5. straightshooter

    straightshooter Well-Known Member

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    One more quick thought. Move your rifle into you, not you into the rifle. This gives you a natural hold. Line your body to the target, get into your shooting position, head in as natural a position as possible, then bring the rifle into your shoulder without moving. Support the rifle as solid as possible with what ever you are shooting with.
     
  6. yobuck

    yobuck Well-Known Member

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    all of the advice youve received is good. you didnt say wether you load or not. certainly that would help to find the combination best for that gun. also i would try a different rest. a pile of sandbags would be better, or 1 bag on some wood blocks. better yet invest in a good front rest. we use harris bipods often, and they work well. but for real accuracy, i think a rest is better.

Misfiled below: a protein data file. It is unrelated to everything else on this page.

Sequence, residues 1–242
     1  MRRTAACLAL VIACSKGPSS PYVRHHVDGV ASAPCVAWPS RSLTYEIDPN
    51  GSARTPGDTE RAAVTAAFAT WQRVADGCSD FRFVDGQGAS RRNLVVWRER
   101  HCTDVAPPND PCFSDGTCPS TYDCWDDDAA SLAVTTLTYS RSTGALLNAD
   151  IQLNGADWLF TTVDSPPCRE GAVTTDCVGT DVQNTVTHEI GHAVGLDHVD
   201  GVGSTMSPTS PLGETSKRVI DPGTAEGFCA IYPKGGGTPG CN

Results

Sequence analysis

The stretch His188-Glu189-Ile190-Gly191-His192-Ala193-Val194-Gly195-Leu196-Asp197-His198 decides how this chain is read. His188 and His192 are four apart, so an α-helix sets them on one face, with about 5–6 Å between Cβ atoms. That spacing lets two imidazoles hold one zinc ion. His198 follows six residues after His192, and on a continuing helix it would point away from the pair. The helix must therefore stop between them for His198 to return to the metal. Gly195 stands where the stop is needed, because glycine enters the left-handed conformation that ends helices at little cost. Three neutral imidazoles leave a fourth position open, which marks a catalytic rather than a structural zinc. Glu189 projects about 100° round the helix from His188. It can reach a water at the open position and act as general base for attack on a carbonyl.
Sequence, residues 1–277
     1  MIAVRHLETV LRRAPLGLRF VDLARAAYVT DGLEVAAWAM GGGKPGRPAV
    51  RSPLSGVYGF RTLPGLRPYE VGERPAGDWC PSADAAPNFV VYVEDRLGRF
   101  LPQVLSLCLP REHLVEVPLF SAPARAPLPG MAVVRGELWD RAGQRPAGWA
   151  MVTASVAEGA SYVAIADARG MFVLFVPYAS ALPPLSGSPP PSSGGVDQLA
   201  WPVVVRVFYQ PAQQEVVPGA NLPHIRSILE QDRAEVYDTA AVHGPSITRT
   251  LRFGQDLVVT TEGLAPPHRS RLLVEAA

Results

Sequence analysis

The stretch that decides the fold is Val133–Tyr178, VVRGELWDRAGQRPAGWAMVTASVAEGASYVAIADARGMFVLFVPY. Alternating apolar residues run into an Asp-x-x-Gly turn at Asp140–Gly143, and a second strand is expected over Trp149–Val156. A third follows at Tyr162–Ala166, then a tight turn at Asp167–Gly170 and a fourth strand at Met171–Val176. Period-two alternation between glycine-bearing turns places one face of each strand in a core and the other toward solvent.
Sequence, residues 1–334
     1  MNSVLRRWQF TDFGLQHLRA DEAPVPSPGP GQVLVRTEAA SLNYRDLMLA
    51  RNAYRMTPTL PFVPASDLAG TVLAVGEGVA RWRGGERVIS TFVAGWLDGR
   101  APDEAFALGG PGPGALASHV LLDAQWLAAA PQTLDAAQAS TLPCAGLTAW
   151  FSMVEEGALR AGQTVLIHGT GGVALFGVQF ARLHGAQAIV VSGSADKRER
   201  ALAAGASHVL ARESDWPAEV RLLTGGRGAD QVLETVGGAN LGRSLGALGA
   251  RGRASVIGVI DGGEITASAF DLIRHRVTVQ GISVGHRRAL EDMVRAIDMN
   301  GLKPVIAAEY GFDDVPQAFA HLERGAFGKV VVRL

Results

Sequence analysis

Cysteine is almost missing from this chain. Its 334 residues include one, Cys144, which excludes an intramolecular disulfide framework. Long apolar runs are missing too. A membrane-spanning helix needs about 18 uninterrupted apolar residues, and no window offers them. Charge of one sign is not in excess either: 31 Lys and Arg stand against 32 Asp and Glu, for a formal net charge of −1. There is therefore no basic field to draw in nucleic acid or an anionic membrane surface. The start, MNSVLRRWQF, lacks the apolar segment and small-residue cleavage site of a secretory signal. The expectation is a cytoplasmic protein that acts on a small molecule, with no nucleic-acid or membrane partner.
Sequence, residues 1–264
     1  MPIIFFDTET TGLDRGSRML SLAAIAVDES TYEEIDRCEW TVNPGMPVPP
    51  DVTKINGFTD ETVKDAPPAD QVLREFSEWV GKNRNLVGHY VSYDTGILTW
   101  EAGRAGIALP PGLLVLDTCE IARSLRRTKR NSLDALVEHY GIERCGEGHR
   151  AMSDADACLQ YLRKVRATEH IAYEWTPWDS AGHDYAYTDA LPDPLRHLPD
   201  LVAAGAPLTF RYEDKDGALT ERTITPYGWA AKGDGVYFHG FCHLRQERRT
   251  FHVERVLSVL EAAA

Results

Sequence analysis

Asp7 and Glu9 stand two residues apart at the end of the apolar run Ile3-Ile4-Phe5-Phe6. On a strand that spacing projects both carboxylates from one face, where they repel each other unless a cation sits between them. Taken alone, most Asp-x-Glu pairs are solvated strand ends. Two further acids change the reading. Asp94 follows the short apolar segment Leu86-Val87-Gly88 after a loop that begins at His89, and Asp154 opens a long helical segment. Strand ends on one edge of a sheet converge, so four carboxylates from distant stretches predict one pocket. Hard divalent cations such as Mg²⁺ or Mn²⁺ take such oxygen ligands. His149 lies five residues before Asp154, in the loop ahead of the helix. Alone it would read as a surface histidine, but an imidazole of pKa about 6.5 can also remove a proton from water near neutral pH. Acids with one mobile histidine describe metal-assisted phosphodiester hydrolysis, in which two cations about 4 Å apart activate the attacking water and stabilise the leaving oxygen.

7. Limbic

    Limbic Well-Known Member

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    Do not reload yet. I do have 13-25 Harris bipod (grass gets real tall down here in Mississippi) but haven't gotten down in the dirt with it so to speak. I thought that the bench rest accuracy would be better.
     
  8. Wlfdg

    Wlfdg Well-Known Member

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    I re-read the "Marksmanship Basics" discussions all the time. There is a wealth of knowledge there! They help me a ton.